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Aviation Airspace May Fill with Drones Used to Minimize Virus Spreading

By: The CTS Team   •  

Drones that can search for symptoms of contagions may enter aviation airspace

I just love technology. I recently read an article that said drones could soon be used to screen large area crowds for symptoms of dangerous contagions, such as the coronavirus. How’s that good use of our national airspace? 

A drone services company called Draganfly is evaluating a sensor package and artificial intelligence software that would be capable of monitoring crowds for population health sampling. The sensors would be effective at ranges up to 100 feet and could be used indoors or outdoors at large venues, including stadiums, ports of entry, and refugee camps. 

The sensor package would include technology including infrared, doppler radar, and high-resolution cameras to feed imagery to software that would be able to discern stress recognition, fevers, watery eyes, and muscle movement that may indicate high blood pressure. An initial analysis would be available within 15-20 seconds of the overflight.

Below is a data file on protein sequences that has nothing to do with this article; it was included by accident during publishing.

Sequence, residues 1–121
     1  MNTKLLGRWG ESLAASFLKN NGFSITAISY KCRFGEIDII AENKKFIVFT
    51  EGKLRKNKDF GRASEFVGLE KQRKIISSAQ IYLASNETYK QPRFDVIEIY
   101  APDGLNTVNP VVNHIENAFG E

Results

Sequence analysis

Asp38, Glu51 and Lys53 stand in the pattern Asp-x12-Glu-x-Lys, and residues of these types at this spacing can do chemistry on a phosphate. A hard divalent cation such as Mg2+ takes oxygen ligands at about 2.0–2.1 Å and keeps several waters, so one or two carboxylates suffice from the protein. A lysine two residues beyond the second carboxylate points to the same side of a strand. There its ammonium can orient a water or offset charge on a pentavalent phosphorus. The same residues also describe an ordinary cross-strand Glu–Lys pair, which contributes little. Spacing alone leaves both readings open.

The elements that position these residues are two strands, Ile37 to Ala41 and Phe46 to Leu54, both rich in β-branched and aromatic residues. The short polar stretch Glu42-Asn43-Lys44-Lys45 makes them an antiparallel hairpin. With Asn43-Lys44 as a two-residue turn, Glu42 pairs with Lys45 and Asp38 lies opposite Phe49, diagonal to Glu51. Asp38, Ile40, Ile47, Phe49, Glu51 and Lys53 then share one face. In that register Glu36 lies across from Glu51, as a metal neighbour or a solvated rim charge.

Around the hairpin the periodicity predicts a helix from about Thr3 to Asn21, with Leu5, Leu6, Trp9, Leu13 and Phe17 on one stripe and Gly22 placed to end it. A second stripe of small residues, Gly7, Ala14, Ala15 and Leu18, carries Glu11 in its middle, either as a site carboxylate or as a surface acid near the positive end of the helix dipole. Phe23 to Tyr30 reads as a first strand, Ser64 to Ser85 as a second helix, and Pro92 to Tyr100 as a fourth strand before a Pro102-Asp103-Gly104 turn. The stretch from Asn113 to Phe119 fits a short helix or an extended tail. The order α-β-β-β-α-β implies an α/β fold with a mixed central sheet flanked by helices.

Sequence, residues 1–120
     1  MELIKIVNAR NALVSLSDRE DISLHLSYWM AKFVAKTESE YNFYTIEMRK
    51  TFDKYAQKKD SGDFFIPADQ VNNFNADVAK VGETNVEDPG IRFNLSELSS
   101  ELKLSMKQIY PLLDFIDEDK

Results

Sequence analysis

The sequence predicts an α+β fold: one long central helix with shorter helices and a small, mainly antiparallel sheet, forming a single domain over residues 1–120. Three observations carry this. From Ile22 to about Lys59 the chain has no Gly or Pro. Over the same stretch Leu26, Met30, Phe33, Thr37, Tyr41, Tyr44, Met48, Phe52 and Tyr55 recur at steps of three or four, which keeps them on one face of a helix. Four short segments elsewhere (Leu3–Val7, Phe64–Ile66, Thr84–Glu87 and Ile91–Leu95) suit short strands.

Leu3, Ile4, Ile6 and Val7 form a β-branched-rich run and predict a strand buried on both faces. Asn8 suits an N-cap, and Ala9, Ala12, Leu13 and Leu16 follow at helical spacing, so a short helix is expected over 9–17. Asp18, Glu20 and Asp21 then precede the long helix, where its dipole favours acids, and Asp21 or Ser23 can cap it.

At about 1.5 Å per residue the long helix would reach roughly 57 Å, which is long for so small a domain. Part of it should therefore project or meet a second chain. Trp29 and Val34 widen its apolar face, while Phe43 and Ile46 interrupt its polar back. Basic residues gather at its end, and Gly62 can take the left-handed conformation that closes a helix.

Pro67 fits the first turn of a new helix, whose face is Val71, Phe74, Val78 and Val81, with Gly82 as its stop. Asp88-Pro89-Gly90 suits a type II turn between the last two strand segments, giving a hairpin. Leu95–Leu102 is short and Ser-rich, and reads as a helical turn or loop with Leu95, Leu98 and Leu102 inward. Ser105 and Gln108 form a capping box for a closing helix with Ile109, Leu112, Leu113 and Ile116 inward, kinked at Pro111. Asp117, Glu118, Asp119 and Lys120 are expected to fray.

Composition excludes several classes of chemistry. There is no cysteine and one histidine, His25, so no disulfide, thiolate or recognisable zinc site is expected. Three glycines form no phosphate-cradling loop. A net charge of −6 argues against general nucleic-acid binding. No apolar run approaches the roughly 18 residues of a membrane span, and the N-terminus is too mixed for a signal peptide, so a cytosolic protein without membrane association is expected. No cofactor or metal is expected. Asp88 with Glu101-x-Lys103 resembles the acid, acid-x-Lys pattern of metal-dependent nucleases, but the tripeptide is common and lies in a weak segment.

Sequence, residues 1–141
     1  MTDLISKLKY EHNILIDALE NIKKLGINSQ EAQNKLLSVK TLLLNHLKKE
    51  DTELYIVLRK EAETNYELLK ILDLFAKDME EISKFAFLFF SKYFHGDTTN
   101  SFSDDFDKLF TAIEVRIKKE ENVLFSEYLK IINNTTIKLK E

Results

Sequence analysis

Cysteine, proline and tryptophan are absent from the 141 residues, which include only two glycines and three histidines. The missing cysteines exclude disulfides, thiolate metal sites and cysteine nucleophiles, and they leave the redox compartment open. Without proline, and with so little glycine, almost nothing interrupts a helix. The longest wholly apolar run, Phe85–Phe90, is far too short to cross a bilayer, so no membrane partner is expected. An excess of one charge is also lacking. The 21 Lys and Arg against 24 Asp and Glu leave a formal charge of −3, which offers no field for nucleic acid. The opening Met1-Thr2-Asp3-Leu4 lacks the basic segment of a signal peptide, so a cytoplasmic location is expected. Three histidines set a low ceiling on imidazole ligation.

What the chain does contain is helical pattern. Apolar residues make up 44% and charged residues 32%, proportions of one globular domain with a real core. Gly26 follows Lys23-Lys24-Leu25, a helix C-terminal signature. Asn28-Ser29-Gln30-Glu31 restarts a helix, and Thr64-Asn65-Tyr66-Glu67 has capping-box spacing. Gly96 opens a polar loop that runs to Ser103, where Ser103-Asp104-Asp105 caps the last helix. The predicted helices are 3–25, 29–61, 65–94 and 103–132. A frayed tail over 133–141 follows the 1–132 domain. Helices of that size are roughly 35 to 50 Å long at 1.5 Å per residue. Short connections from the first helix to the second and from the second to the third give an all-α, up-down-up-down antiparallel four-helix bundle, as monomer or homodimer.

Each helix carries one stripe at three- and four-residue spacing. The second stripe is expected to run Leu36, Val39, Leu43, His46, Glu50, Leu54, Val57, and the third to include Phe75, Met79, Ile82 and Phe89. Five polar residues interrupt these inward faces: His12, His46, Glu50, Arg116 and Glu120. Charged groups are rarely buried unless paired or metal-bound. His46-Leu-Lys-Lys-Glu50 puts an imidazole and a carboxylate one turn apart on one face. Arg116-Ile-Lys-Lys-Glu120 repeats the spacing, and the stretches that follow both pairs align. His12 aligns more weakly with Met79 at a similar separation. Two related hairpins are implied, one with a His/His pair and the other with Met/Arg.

They can even add facial recognition, although the purpose of the software is not to isolate specific people, but rather to look for likely infection within a larger group. Using drones in this manner can provide the critical data that medical personnel need to determine when, where, and how to deploy resources in an emergency such as the coronavirus.

A single drone overflying a crowd can collect huge amounts of data over a very short period of time and it could be as simple as fitting a public health sensor package as an add-on to existing public safety drones.

Now I know what you’re thinking, we don’t have large crowds anymore because of Covid-19, but there are many more applications that sound intriguing. 

If this technology had been up and running at the start of this coronavirus invasion, maybe we would have moved a bit faster to begin social distancing and whatever else we needed to do to keep this from rapidly spreading. There is little doubt that there will be many more opportunities to use the airspace above crowds to screen for signs of contagions and other health related data. This is not our first public health scare, and I’m sure it will not be our last. Technology that keeps us safer and healthier can’t get here fast enough. Keep it coming.

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